“What I once was I no longer am, nor shall I ever be again.”

I don’t know where I read that, however many years ago, and it doesn’t really personally matter to me anymore – who, what or where – as when that quotation recently entered my conscious mind I was suddenly mindful of just how much these past four years living in Mexico have so profoundly changed me.

I recognize how my value system has taken on a new dimension since entering Mexico. And it’s not like my previous value system was hopelessly broken or corrupt. After all, I have been a fervently practicing minimalist for years. Most of my life I have worked to distance myself from the ownership of stuff in an effort to get closer to the discovering the true nature of life; finding my way to a life well lived.

Shedding stuff I have discovered is just the beginning but there is a wonderfully subtle complexity to finding happiness. And the part I found most hard to understand lay within myself. I choose to call this part moral, rooted in just actions and appropriate thought.

Note: It has been my experience that even when life kicks you in the balls – which it often has – there is solace to be found in ‘I did all I could, I did the right thing’. On the other hand if you are a lying, cheating, no good SOB the only bitter comfort is self-pity. (A beautiful loser has more respect in my eyes than a back-stabbing winner.)

The reason I didn’t discover this importance sooner was maybe because I was surrounded by immorality so much of my life. It occurred to me today that I’ve maybe only known a dozen (or less) morally wise people my whole life. Isn’t that sad?

Just like morality is a component of true wisdom (for without morality, wisdom is mere trickery) so morality is also an important component to happiness. Doing one’s honest best in the treatment of all things is the wellspring to satisfaction that makes one mindful of the value of this life we live.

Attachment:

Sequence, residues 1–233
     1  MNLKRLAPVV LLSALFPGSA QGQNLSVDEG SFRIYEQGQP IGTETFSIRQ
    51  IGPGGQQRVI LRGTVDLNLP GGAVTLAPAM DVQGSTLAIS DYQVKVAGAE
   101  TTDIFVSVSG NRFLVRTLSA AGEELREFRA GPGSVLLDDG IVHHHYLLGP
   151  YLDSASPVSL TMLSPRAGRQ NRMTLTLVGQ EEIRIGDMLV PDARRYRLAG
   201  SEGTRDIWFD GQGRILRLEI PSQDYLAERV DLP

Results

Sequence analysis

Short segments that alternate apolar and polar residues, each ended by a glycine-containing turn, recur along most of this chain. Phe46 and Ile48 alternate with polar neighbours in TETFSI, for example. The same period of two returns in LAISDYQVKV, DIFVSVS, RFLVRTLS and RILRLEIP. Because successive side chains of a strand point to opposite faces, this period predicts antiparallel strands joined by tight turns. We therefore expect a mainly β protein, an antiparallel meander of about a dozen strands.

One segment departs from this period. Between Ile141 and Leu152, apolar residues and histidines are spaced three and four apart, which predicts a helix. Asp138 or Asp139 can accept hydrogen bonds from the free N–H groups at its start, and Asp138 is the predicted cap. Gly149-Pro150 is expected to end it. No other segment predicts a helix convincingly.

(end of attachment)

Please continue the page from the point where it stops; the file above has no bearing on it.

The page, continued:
All these seemingly heady thoughts played out after a conversation in the Mercado this morning over breakfast then resurfaced again during a glorious barechested run through the rocky Michoacan countryside dressed only in a sweaty bandana, running shorts and sandals.

The hot sun beating down, the cool breeze, the lightness of my steps as I made my way joyfully across the rocky ground made me think once again on the nature of freedom and happiness.

The Mercado conversation centered on ‘while there is more money to made in the US, there is more happiness in Mexico’. Situation wise, the conversation more or less ended when my Mexican breakfast companion said, “In Mexico you are free.”

While I had to agree with his statement (the exact same I have heard several times from more than one person), I realized what he said was only partially true as applied to the question of true happiness.

It has been my experience that being free to do what you like can often times be a passport to trouble. But that was a younger, wilder, more reckless and life-inexperienced me.

Now I believe to live life well is to do so thoughtfully and respectfully. So finally now at 60 I’ve come to the conclusion that my name and reputation are really the only two things that I’ll leave behind that truly matter.

My Mexican neighbors have awakened me to the fact that I care more than I realized that to be among them smiling, cheerful and happy is a blessing that carries the bittersweet reminder of the ephemeral nature of life.

And here – much more so than the US – I am reminded of the importance of respectfulness, graciousness as it comes from the heart, and that oh so sublimely shy generosity as practiced from true humility of spirit.

PS – I have shared with one or two close friends and my daughter the only remaining thing I want out of the remainder of my life is some dignity. Is that too much to hope for? Simple dignity? (It has been denied to so many…)

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